According to conventional wisdom, banks play a special role in providing liquidity in bad times, while capital markets are used to fund investment in good times. Using micro-data on corporate balance sheets following the COVID-19 shock, we provide evidence that instead, the corporate bond market is central to firms' access to liquidity, crowding out bank loans even when the banking sector is healthy. We first show that, contrary to good times, bond issuance is used to increase holdings of liquid assets rather than for real investment. Second, most issuers, including many riskier "high-yield" firms, prefer issuing bonds to borrowing from their bank. Over 40% of bond issuers leave their credit line untouched in 2020Q1. Moreover, a large share of bond issuance is used to repay existing bank loans. This liquidity-driven bond issuance questions the comparative advantage of banks in liquidity provision, and suggests that the V-shaped recovery of bond markets, propelled by the Federal Reserve, is unlikely to lead to a V-shaped recovery in real activity.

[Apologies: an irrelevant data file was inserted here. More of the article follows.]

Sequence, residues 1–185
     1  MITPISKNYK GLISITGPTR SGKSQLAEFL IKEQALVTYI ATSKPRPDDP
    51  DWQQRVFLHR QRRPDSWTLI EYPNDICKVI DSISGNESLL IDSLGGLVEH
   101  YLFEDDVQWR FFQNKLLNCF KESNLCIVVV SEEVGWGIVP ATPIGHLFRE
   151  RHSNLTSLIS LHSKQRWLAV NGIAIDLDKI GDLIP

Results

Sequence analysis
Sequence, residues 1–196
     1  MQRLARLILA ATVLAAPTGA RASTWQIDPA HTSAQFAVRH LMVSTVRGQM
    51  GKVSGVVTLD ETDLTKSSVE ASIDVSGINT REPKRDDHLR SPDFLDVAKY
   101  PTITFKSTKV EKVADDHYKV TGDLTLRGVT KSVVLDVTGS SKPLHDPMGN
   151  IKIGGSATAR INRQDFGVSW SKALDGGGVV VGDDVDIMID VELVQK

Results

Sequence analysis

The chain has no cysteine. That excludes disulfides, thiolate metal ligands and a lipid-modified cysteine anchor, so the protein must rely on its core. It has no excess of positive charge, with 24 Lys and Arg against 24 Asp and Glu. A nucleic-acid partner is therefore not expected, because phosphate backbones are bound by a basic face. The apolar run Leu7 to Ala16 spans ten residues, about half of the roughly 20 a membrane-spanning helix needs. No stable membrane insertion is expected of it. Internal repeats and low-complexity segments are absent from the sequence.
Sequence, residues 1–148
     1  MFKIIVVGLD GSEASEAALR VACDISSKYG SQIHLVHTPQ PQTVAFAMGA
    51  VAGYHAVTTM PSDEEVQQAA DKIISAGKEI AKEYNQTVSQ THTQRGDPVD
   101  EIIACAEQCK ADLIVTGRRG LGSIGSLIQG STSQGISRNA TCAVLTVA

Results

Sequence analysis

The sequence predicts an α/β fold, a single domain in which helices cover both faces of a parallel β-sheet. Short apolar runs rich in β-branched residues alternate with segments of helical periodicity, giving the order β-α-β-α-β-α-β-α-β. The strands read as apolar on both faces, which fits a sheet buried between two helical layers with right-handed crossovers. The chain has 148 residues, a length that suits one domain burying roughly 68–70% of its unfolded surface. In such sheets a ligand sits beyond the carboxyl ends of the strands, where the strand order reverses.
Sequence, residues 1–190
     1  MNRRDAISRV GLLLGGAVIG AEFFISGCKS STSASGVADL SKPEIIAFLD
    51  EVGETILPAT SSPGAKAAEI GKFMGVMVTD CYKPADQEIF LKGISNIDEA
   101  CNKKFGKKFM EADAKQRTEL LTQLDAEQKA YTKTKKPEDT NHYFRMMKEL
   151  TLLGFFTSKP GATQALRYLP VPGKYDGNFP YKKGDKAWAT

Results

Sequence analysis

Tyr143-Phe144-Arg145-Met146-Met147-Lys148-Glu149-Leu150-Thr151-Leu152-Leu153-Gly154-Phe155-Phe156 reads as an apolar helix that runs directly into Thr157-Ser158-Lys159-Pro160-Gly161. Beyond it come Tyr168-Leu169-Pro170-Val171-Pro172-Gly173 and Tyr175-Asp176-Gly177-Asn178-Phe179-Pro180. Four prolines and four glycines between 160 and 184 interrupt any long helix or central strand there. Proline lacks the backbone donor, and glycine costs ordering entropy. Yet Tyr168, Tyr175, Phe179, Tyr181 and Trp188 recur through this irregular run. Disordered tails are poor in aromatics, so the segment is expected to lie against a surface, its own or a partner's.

Darmouni, O and K Siani (2020), ‘Crowding Out Bank Loans: Liquidity Driven Bond Issuance‘, COVID Economics 51, CEPR Press, Paris & London. https://cepr.org/publications/covid-economics-issue-51#392514_392927_390640